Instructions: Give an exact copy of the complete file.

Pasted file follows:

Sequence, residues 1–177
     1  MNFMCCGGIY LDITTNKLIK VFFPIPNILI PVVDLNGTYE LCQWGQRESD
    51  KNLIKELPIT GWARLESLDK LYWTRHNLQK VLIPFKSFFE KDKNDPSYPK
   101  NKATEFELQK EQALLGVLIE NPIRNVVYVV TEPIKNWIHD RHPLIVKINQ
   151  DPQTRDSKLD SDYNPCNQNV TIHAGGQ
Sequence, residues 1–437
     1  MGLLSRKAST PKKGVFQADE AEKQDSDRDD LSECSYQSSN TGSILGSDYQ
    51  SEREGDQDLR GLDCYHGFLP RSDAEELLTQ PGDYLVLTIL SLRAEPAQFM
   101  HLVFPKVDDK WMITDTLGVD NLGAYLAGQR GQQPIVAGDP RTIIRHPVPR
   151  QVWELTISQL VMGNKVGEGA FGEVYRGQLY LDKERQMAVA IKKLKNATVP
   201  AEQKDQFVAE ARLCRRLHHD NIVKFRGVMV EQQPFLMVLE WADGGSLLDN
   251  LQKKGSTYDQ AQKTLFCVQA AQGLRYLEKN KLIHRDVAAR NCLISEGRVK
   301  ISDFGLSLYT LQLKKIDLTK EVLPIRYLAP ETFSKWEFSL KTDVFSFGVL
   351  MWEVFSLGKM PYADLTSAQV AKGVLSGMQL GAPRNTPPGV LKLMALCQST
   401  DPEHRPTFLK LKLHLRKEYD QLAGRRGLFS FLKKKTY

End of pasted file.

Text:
Sequence, residues 1–177
     1  MNFMCCGGIY LDITTNKLIK VFFPIPNILI PVVDLNGTYE LCQWGQRESD
    51  KNLIKELPIT GWARLESLDK LYWTRHNLQK VLIPFKSFFE KDKNDPSYPK
   101  NKATEFELQK EQALLGVLIE NPIRNVVYVV TEPIKNWIHD RHPLIVKINQ
   151  DPQTRDSKLD SDYNPCNQNV TIHAGGQ
Sequence, residues 1–437
     1  MGLLSRKAST PKKGVFQADE AEKQDSDRDD LSECSYQSSN TGSILGSDYQ
    51  SEREGDQDLR GLDCYHGFLP RSDAEELLTQ PGDYLVLTIL SLRAEPAQFM
   101  HLVFPKVDDK WMITDTLGVD NLGAYLAGQR GQQPIVAGDP RTIIRHPVPR
   151  QVWELTISQL VMGNKVGEGA FGEVYRGQLY LDKERQMAVA IKKLKNATVP
   201  AEQKDQFVAE ARLCRRLHHD NIVKFRGVMV EQQPFLMVLE WADGGSLLDN
   251  LQKKGSTYDQ AQKTLFCVQA AQGLRYLEKN KLIHRDVAAR NCLISEGRVK
   301  ISDFGLSLYT LQLKKIDLTK EVLPIRYLAP ETFSKWEFSL KTDVFSFGVL
   351  MWEVFSLGKM PYADLTSAQV AKGVLSGMQL GAPRNTPPGV LKLMALCQST
   401  DPEHRPTFLK LKLHLRKEYD QLAGRRGLFS FLKKKTY